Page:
The Journal Gazette
Saturday, December 16, 2017 1:00 am

Homeless men's deaths reverberate

Homicide victim might have walked in on suicidal man

JAMIE DUFFY | The Journal Gazette

The streets are mourning the death of Joseph “Dreadlock Joe” Hurley, a gentle and kind man who was shot dead Tuesday in a vacant home on South Calhoun Street.

Hurley, 56, died from a gunshot wound to the chest after 9:30 a.m. when police got a call from the property owner that he'd heard some noise at his vacant property.

When police arrived at 2423 S. Calhoun St., they heard one gunshot and decided to send in a robot in case there was an armed, barricaded subject.

They found two men dead, both shot in the chest. Jim Seay, a public information spokesman for the Fort Wayne Police Department, said Hurley was killed by Roger Shubert, 57, who then turned the gun on himself.

Seay said police believe Shubert took his own life when he saw police gathering outside. That would explain the one gunshot police heard, he added.

The case is considered closed, according to Deputy Chief Garry Hamilton, who said police were told Shubert had mental issues.

Sally Becker Segerson, who runs Street Reach for the Homeless, knew both men. She said many people believe Hurley walked in on Shubert and tried to stop him from killing himself and was killed in the process.

It was unclear why the two were in the home, but Segerson said that when it gets cold, many homeless look for shelter, including in vacant homes and parking garages.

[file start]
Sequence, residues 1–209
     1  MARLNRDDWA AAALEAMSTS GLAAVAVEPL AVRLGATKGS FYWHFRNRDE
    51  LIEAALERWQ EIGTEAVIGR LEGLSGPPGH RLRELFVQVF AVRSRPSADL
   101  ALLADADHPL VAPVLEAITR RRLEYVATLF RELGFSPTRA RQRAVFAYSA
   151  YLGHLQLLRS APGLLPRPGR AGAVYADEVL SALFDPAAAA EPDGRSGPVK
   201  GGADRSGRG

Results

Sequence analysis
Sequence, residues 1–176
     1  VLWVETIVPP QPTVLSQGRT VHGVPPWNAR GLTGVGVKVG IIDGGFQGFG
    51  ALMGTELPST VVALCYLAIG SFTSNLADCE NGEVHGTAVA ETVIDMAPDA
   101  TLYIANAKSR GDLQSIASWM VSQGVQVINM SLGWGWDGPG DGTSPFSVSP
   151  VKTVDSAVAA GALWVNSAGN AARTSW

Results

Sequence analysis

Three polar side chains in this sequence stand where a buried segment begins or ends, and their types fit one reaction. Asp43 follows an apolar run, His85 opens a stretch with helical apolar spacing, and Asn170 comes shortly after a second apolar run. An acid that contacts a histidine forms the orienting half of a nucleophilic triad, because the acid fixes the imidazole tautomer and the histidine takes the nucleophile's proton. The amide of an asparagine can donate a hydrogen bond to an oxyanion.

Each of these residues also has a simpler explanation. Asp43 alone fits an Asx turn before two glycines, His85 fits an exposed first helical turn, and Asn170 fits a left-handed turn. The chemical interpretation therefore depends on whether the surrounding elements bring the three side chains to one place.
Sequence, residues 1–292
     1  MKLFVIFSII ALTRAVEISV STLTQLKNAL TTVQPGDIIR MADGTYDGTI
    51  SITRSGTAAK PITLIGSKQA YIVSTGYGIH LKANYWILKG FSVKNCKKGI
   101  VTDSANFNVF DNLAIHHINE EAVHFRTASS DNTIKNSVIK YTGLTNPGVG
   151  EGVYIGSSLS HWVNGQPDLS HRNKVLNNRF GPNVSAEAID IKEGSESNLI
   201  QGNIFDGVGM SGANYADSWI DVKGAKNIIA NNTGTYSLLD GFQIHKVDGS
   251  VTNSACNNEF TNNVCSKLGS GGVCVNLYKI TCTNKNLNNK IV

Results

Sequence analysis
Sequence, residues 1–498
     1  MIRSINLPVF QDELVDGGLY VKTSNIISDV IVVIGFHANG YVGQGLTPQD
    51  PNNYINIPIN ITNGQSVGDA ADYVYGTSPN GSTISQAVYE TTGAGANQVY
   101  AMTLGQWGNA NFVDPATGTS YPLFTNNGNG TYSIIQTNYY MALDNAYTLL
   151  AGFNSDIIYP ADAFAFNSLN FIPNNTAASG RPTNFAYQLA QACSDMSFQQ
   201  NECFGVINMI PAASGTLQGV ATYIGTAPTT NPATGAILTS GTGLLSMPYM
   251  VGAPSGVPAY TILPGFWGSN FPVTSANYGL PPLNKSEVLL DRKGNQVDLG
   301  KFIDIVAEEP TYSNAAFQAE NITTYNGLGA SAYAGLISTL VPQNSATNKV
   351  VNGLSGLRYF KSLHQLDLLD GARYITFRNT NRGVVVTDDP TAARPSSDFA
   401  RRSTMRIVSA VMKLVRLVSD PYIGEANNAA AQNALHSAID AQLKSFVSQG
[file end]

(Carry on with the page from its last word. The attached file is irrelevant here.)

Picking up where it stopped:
“If they find an abandoned building and they can get into it, they go into it,” Segerson said.

Segerson had not seen Hurley for a while, but that is common with people who are homeless on and off. One recent Facebook post said Hurley might have gone back to Chicago, but Segerson isn't sure where he was from.

On Shubert's Facebook page, personal information indicated he was a graduate of Wayne High School and had studied economics at IPFW. An attempt to reach his family was unsuccessful, but people were posting their condolences on the page.

Segerson said she had known Hurley for about six years; others told her they had known him for about a dozen.

“He was always so thankful anytime you gave him something, so appreciative, so kind,” Segerson said. “His laugh was infectious. His heart and compassion for others was without bounds, and a smile that beams whether the sun is out or not.”

One heartbroken man grieved on Segerson's Facebook page: “ oh my god not joe..why....lord help us all.”

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